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UK Will Change Sick-Note Culture

Armen Hareyan's picture

England GPs (General Practitioners) are called to change the 'sick-note culture' by estimating what kind of work can be done by ill patients instead of signing them completely off.

Health secretary Alan Johnson plans to announce the report later this year. He will say: "The evidence shows that far from being bad for health, work is generally good for people's health. We want to explore what else GPs can do to change our sick-note culture into a well-note culture."

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These measures are to change GPs' approach to those who are temporarily sick and those who have long-term conditions. They should concentrate on what a patient can do, rather than what a patient can't do.

In England there are 2.64 million people living on incapacity benefit. Six out of ten of them 'have been living on for five years', according to Public Accounts Committee report, meanwhile these people were expected either to die or retire within two years. Nine out of ten of them are willing and are able to work. The plan will cut the number of people living on incapacity benefit.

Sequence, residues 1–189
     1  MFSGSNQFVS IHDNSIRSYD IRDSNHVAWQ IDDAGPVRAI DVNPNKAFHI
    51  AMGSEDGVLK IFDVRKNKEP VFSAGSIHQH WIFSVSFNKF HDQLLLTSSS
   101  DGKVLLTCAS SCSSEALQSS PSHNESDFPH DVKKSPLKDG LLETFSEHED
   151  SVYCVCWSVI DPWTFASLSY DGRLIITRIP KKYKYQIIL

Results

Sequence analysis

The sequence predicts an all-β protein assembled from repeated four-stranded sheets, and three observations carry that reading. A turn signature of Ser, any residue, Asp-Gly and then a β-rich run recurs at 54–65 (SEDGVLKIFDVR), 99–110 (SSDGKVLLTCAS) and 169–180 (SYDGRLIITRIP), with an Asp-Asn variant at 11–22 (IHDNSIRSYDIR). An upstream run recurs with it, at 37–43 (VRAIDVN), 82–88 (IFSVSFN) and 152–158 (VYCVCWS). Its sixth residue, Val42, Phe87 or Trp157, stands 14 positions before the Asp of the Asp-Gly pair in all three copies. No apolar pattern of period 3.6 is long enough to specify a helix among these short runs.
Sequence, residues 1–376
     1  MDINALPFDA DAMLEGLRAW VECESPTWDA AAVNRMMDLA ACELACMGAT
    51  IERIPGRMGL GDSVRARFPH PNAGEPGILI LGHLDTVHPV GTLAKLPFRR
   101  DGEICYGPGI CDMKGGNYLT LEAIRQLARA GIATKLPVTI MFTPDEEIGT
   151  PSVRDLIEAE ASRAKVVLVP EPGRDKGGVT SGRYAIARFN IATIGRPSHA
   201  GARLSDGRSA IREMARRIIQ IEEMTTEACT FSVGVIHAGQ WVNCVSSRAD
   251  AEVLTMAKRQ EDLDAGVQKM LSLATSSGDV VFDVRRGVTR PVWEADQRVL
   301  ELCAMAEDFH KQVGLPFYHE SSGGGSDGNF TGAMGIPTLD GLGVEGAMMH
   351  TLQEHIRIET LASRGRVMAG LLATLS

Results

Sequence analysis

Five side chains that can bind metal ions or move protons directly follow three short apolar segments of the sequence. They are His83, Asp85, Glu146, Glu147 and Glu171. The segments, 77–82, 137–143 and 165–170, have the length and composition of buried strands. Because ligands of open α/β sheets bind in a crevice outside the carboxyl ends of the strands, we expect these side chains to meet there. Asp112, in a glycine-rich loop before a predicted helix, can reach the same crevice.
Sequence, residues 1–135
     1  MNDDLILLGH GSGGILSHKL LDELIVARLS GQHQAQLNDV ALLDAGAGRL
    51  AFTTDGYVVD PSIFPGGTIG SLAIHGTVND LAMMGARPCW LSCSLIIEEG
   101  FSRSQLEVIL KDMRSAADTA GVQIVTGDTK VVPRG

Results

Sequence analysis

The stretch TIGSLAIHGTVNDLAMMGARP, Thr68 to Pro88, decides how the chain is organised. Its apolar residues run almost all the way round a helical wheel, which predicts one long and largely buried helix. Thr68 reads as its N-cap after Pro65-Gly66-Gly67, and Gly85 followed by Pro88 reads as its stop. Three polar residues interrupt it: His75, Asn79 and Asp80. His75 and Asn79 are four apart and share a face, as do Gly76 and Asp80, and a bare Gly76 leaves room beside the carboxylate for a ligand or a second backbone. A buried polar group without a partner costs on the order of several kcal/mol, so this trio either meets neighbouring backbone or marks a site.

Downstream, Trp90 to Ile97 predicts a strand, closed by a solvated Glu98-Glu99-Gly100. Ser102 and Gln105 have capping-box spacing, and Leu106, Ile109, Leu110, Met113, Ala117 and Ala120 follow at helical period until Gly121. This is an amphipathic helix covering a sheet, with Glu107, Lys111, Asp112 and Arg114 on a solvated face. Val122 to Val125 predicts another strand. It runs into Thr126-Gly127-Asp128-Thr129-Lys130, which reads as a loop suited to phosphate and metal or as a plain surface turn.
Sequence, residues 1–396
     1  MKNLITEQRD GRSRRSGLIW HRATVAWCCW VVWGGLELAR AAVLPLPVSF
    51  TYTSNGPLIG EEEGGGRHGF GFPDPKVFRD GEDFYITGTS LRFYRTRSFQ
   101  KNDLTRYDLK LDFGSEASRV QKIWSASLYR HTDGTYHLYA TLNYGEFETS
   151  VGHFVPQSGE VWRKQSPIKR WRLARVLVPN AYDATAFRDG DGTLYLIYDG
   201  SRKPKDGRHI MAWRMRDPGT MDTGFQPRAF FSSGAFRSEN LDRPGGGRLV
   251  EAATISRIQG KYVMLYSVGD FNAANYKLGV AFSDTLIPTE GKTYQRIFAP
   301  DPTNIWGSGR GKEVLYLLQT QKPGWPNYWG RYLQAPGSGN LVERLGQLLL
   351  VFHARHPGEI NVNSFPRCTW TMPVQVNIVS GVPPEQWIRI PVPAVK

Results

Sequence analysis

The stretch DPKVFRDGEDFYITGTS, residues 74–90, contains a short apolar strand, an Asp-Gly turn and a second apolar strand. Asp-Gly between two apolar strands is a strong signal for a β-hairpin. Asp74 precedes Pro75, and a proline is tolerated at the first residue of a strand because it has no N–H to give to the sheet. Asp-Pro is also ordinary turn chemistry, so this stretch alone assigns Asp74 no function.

Mr. Johnson will say: "Incapacity benefit should not be a one-way street that starts in the GP's surgery and stops at the dead end of a lifetime on benefits."

However, doctors may criticize this decision, because UK GPs are to diagnose people, rather than decide if the patient can work or no. It depends upon environmental factors of a workplace and how much physical activity is needed to handle the work.